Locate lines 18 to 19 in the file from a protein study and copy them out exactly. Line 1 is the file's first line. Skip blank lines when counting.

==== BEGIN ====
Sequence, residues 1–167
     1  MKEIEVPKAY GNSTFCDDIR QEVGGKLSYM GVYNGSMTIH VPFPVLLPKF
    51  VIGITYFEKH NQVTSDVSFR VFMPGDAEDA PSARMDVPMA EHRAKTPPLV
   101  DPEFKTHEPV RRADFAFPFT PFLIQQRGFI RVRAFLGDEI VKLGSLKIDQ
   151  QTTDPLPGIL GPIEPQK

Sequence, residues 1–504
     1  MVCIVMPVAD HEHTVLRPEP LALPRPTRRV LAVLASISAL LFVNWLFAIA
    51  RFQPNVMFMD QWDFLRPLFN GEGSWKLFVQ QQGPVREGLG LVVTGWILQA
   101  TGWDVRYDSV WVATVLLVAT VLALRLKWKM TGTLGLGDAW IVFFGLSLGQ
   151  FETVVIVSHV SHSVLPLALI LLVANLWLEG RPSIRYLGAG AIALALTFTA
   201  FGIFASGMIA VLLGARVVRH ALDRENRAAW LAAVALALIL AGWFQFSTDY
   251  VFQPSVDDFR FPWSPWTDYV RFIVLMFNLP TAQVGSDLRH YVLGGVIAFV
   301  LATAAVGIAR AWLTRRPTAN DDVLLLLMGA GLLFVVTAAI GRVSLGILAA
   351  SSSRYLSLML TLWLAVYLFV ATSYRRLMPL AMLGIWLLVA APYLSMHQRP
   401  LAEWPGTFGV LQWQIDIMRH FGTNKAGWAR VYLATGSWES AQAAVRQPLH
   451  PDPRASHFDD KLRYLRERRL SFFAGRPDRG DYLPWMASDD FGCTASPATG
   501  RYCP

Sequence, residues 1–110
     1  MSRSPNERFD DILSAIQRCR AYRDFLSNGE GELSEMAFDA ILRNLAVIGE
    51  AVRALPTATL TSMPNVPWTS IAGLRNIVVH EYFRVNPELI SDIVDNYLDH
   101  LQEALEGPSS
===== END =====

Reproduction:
Sequence, residues 1–110
     1  MSRSPNERFD DILSAIQRCR AYRDFLSNGE GELSEMAFDA ILRNLAVIGE